1. The assessee firm carries on business as commission agents and as such commission agents they had a business connection with one Haji who was a businessman carrying on business at Port Sudan. The Income-tax Department treated the assessee as the agent of this non-resident principal and they assessed him to tax under section 42 (1) of the Income-tax Act. As the result of the assessment made by the Department the assessee paid on behalf of this non-resident principal a sum of Rs. 3,78,491. The assessee failed to recover this amount from the non-resident principal, and in the year of account he contended that this debt was irrecoverable and claimed it as a bad debt. The Tribunal held that the assessee was entitled to this deduction and the Commissioner has come on this reference.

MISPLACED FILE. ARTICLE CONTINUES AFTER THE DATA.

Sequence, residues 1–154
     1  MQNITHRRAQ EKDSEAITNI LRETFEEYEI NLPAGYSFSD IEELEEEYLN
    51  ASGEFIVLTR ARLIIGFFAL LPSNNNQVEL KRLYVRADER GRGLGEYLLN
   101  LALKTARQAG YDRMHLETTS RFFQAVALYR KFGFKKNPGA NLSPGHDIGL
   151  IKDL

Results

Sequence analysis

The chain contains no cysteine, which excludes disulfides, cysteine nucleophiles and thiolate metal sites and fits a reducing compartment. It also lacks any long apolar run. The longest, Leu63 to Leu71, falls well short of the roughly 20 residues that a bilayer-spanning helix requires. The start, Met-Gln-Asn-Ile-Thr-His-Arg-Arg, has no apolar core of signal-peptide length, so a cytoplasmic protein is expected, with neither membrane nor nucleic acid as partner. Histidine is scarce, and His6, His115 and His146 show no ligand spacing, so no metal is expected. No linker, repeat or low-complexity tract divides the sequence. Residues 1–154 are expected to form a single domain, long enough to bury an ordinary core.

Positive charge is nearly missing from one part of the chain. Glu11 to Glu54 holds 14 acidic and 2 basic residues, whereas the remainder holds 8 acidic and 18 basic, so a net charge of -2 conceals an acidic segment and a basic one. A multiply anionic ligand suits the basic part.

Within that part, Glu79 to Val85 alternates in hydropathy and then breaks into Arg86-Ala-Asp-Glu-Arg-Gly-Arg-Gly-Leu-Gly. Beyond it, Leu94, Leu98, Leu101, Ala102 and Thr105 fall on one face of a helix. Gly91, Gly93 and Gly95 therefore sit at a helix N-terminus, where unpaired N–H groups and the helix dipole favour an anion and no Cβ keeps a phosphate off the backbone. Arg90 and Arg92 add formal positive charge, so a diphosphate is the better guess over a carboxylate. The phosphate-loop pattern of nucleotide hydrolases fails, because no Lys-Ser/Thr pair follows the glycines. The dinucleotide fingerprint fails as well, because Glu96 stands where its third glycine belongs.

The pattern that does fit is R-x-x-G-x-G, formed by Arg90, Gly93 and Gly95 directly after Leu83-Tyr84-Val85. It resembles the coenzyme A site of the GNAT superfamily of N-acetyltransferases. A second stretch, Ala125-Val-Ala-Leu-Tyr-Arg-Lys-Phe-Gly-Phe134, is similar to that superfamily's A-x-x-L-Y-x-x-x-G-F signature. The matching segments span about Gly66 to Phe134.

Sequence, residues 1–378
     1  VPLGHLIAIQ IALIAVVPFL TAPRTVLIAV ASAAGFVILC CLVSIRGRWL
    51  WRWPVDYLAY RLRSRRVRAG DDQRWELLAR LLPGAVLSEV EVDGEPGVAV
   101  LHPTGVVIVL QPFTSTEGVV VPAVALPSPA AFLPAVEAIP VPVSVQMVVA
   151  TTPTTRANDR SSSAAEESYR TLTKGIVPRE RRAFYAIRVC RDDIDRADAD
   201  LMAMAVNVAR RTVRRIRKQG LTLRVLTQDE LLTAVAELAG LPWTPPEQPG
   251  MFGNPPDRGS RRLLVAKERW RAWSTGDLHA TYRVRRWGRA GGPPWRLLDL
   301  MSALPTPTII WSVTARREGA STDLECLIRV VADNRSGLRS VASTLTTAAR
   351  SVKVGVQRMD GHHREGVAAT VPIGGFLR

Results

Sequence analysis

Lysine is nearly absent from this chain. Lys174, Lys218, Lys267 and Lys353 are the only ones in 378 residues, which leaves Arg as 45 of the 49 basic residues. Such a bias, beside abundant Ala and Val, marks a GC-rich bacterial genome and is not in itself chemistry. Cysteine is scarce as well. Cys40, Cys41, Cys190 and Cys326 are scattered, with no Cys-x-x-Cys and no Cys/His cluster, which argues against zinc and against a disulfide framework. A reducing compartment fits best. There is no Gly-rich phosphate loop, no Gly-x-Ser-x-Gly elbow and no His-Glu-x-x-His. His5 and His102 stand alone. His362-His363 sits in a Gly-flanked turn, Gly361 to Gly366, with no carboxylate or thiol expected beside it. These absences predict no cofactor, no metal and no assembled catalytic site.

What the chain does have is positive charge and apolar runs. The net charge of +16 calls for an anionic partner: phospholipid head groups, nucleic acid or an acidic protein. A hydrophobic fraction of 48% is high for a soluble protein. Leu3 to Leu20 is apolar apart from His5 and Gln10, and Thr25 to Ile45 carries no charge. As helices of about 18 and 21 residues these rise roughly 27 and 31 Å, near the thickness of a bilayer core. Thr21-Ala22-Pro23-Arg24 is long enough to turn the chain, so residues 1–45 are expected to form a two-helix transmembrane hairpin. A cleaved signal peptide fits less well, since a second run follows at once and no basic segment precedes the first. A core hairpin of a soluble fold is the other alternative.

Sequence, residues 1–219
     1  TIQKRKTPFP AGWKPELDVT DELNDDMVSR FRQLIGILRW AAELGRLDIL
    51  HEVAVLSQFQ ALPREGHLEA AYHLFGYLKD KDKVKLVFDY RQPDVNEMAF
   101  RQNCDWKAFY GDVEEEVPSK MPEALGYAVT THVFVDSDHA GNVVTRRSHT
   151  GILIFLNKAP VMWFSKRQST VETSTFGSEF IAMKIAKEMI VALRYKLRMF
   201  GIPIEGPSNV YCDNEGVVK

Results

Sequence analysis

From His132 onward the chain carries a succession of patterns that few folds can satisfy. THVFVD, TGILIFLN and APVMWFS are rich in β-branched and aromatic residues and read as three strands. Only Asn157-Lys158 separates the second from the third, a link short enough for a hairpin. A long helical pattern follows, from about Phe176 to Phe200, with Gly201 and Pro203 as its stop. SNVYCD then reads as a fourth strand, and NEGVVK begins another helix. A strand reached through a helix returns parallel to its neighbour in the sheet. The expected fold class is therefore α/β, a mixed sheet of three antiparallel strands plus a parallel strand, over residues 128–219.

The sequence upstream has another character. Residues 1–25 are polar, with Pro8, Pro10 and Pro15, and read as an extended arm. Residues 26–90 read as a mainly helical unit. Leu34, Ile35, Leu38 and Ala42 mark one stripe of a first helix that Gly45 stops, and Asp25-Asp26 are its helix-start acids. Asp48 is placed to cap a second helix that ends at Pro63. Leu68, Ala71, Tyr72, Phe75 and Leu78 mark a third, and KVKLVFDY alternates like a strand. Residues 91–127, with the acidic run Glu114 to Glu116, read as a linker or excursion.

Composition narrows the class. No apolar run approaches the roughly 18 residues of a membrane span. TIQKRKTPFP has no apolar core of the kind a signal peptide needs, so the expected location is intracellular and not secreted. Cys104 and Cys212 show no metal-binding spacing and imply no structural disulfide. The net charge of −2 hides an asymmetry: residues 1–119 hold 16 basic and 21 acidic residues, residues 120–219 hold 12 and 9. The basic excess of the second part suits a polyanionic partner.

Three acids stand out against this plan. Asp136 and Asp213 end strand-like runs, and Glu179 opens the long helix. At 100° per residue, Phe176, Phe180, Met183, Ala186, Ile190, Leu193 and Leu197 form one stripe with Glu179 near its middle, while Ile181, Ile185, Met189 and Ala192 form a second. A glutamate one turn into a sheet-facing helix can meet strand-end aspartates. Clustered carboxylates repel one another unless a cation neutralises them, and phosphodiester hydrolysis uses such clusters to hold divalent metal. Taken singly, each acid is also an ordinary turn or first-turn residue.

2. It is admitted that if this was a debt which could be claimed under section 10 (2) (xi) it became irrecoverable in the year of account and therefore a bad debt which could be claimed in that year. The only question in dispute is whether this is a debt to which section 10 (2) (xi) applies. The contention of the Advocate-General is that the liability which was discharged by the assessee was a statutory liability he was not acting in the course of his business, and the debt did not arise in the course of the business. Now, under section 10 (2) (xi) a debt which can be claimed as a bad debt must be a debt in respect of the business of the assessee, and the question is whether in discharging the liability of the assessee what the assessee was doing as something connected with his business at all. Now, it is necessary to understand how the assessee came to discharge this liability. It is because he carried on this business with the non-resident that this vicarious liability under section 42 was imposed upon him. If he had not carried on this business, there would have been no liability whatsoever and therefore the liability which he discharged and in respect of which the debt arose was directly connected with his business with the non-resident. It is also significant to not that the tax liability which the assessee discharged was in respect of income earned by the non-resident in respect of this very business with the assessee. Therefore the tax which was paid was tax on the profits earned by the non-resident by doing business with the assessee. The assessee discharged the liability because he rendered himself liable by doing this business with the non-resident under section 42 and it was because he could not recover this liability which covered this debt from the non-resident in respect of the liability which he had discharged, that he claimed it as a bad debt under section 10 (2) (xi). The argument put forward by the Advocate-General is that a debt is a business debt only when it is incurred in the course of a business, and the Advocate-General's contention is that 'in the course of the business' means in the actual activity of carrying on a particular business. His submission is that the debt must be such as must appear in the profit and loss account of the business. It must be an amount spent for the purpose of enabling the business to earn forfeits. If the amount is not spent for that purpose, then the expenditure is not incurred in the course of the business and any debt arising out of that expenditure cannot be claimed as a bad debt.